The latest album by Minneapolis-bred singer-songwriter Ryan Traster features that warm, worn-in vibe of an album that’s been in your cool parents record collection since you were a kid. Eventually, it gets passed down to you to take along into “the real world” and is there when you need to be reminded of being a kid again.
It’s that gem of a find in a milk crate of vinyl at the local tag sale on a Sunday afternoon. The kind of album that becomes an all-time favorite, only discovered there by the person who knows what they’re looking for and has the time to dig for it.
Choses Obscures (the title translates from French as “obscure things,” and implies a “dark energy”) is both of those things, and that implied darkness provides a subtle mask that contrasts and deepens the sunny images above.
When Traster throws curve balls with lyrics of places and times that don’t abide the most famed of singer-songwriter eras (the kind that even the album’s cover art evokes), things get real.
It comes as a jaw-dropping surprise to hear Jesus and Mary Chain name-dropped on “Endless Summer Blues” when Traster sings, “We were living in Echo Park / I was smoking dope in the backyard / You were listening to all those Mary Chain records / We had the endless summer blues.”
According to Traster, the album’s cosmic-country, straight outta Laurel Canyon feel is heavily influenced by Skip Spence, Bert Jansch, and Judee Sill, all of whom passed before their time. That “beyond the grave” murkiness pervades Traster’s lyrics in a profound way, even down to that JAMC reference.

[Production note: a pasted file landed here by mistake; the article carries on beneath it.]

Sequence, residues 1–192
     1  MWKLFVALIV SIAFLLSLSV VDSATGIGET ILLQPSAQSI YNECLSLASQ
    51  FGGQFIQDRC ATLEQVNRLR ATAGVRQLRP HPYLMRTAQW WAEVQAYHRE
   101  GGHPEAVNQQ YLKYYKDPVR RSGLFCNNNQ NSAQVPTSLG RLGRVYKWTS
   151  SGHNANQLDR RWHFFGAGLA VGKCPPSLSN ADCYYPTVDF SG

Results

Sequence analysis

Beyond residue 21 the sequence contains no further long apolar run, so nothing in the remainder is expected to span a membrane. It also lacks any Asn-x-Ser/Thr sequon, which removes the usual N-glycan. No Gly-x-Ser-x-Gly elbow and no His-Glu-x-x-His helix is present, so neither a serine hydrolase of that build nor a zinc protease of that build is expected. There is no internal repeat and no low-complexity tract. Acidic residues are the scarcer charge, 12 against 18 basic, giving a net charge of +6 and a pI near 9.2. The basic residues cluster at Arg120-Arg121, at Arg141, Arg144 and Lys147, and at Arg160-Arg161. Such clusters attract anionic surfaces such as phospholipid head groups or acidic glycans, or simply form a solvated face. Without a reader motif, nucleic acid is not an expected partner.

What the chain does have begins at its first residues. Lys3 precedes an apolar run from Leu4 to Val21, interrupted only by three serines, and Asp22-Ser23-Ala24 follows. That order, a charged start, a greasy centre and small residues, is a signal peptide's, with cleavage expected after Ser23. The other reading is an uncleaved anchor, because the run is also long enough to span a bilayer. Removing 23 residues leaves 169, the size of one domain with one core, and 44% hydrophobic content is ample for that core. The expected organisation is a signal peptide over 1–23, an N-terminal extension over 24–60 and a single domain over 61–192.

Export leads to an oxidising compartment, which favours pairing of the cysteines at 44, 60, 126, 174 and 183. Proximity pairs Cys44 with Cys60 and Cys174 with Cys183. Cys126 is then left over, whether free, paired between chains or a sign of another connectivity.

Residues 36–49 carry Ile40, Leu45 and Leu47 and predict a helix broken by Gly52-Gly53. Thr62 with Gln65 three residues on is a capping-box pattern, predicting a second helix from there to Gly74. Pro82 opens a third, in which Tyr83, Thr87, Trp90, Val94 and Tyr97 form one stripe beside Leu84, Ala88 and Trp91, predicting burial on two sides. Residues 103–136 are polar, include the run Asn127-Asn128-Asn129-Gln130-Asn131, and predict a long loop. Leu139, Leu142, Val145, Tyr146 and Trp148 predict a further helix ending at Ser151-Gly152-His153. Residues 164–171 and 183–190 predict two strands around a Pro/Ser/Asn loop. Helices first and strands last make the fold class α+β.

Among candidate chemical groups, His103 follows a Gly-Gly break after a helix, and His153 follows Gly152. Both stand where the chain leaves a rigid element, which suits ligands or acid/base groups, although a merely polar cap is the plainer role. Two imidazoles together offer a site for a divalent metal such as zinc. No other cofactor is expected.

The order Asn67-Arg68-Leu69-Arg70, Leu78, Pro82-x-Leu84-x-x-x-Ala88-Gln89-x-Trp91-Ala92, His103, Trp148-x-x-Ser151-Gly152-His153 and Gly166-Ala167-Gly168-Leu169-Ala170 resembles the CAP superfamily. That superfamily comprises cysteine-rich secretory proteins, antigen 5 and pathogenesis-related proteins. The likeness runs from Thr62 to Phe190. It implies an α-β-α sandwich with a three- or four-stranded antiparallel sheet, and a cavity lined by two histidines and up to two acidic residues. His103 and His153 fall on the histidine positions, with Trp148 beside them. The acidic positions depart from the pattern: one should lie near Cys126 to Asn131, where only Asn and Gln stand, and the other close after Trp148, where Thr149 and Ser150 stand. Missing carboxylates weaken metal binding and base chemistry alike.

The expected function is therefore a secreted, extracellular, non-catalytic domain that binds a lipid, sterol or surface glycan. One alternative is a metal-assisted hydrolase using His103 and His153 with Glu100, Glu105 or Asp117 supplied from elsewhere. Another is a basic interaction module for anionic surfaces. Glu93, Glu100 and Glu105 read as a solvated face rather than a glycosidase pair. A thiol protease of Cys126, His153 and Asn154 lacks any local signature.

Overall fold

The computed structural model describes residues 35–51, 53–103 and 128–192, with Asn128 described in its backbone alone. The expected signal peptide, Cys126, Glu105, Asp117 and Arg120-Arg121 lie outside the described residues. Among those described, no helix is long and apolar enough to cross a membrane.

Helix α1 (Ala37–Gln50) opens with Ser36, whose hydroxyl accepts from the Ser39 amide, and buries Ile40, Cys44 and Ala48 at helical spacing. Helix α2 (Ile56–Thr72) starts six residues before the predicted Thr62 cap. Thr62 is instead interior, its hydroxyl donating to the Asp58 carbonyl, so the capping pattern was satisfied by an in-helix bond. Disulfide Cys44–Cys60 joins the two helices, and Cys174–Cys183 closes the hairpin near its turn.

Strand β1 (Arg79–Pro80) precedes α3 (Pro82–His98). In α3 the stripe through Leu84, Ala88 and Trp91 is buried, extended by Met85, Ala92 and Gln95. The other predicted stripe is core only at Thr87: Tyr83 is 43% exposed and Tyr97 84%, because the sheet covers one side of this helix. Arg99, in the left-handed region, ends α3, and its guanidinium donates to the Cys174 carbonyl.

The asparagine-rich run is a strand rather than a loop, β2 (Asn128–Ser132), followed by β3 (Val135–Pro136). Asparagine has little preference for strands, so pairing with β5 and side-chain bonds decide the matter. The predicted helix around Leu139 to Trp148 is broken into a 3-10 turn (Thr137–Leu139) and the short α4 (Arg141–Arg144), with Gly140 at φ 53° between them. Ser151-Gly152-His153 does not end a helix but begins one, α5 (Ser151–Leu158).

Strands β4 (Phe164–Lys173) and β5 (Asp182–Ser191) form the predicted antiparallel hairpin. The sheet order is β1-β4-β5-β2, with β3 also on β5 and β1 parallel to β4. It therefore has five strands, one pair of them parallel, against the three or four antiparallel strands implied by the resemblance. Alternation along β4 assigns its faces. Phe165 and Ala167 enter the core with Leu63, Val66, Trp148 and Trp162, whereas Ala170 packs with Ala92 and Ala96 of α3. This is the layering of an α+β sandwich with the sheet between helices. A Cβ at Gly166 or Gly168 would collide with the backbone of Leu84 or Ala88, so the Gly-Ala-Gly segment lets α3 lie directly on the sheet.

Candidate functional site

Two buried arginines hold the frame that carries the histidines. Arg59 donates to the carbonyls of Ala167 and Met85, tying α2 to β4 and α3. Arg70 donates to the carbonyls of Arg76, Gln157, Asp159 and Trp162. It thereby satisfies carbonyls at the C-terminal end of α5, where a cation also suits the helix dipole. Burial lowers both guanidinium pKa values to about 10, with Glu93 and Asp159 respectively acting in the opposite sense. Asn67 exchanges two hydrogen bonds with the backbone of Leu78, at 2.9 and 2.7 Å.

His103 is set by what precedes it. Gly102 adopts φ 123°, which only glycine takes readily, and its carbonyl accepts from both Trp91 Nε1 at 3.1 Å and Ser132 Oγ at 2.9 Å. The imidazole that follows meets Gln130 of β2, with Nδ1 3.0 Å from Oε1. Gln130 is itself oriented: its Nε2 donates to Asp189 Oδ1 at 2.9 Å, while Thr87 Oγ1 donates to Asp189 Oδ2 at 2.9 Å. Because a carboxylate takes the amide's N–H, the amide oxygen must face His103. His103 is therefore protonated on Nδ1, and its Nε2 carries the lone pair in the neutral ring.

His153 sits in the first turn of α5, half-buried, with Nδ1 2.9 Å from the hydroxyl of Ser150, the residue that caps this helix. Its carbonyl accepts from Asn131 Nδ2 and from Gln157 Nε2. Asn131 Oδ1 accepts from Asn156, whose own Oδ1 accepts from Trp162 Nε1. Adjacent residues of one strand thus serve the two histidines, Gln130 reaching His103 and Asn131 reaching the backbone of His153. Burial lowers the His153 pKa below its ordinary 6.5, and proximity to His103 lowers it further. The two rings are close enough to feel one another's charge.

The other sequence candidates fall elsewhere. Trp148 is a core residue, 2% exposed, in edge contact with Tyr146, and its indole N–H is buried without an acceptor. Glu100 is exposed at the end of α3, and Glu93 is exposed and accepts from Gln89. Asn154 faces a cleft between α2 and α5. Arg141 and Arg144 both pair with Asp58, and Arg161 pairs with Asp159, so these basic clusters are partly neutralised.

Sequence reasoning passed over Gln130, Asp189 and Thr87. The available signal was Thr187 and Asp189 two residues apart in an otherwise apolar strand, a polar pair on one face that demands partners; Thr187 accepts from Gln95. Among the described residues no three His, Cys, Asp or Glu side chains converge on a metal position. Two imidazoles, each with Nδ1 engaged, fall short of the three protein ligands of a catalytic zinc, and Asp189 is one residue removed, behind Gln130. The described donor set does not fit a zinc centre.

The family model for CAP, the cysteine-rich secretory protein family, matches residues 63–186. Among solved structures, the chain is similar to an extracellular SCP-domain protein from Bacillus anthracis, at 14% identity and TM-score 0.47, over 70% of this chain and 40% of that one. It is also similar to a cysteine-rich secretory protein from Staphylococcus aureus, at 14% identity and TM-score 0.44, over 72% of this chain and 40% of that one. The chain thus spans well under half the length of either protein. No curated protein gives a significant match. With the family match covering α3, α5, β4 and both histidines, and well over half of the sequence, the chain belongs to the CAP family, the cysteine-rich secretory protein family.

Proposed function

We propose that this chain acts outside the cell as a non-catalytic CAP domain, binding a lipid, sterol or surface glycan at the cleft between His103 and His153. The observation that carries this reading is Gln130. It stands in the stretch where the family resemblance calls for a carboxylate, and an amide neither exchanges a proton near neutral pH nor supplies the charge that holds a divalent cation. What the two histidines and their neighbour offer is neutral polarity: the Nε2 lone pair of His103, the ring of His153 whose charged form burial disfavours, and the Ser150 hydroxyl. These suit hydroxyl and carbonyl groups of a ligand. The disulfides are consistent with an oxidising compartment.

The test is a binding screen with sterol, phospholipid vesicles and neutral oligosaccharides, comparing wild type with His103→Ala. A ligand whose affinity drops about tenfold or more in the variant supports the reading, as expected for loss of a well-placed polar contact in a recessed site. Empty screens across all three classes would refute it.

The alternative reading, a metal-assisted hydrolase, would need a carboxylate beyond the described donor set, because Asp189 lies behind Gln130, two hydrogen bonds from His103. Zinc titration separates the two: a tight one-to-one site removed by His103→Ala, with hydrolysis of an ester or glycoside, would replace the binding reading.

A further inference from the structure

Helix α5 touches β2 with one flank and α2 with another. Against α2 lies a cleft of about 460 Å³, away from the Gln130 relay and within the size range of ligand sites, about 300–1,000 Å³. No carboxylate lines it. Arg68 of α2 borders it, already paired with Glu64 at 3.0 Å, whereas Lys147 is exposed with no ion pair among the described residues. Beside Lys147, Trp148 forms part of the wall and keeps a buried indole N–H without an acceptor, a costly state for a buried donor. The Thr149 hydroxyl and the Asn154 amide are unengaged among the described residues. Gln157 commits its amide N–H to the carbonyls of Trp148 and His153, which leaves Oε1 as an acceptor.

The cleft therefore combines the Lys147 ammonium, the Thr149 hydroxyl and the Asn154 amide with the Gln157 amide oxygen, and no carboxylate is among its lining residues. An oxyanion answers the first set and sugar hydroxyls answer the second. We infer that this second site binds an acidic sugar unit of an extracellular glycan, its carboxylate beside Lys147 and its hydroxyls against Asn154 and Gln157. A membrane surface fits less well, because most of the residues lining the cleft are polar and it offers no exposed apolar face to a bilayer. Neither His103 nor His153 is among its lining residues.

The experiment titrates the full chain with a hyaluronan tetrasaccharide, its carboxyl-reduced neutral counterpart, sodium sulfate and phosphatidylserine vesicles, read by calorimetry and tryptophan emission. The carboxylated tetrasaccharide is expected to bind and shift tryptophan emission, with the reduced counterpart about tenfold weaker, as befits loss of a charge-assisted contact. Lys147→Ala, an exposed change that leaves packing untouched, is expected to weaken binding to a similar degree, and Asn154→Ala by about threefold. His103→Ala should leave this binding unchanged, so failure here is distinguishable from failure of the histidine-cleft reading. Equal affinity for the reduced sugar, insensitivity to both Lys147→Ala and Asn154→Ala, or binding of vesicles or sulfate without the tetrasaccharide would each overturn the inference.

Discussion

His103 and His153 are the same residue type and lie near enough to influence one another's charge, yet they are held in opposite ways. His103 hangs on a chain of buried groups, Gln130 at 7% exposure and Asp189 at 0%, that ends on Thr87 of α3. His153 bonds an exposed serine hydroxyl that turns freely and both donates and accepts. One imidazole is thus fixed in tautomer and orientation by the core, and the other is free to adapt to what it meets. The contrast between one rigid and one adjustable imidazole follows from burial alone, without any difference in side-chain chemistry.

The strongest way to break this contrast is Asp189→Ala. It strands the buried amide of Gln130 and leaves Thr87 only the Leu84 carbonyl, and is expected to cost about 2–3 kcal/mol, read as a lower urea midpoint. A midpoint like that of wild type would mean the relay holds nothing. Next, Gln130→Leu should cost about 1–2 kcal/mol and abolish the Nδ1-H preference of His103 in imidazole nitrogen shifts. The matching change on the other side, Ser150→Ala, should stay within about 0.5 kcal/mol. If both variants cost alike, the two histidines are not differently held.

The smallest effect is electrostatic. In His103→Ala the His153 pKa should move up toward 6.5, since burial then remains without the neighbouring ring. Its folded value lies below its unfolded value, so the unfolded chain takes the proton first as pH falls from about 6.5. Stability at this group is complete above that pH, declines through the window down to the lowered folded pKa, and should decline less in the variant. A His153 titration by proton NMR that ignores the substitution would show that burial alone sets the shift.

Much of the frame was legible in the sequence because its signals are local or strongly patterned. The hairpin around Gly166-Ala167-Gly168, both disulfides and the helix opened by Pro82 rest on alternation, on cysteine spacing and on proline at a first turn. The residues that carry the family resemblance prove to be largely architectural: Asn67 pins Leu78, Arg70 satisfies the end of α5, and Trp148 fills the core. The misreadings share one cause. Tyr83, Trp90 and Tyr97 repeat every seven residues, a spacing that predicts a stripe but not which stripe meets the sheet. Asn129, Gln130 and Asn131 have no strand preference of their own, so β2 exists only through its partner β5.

Choses Obscures is “born from the subconscious in troubled times, both personally and globally,” Traster explains.
“I wrote a good chunk of this record while traveling the east coast, following a few years of international touring,” he says. “I ended up in Nashville, going to dive bars alone, and hanging out in a dingy bedroom.”
After that long world-wide stretch on stage, Traster was actually unable to perform when he got to Nashville, as he had sustained a vocal cord injury on the road.
“My focus was solely on crafting the best material I could with the plan to record it when I regained full health,” he says.
It was a dark period for Traster, but he managed to find inspiration while working at Nashville’s world famous Ryman Auditorium, where “listening to old timer’s tales, and being submerged in song, helped me create what I believe is my best material to date.”
The album’s first single “New Again” backs up that claim, a sonic re-birth as its title suggests.
The song lands in that friendly Traveling Wilburys, Tom Petty, Jeff Lynne zone that makes it an instant earworm. It’s just that kind of song that you hear as a kid, sticks with you, and is there when you need to be reminded of being a kid again.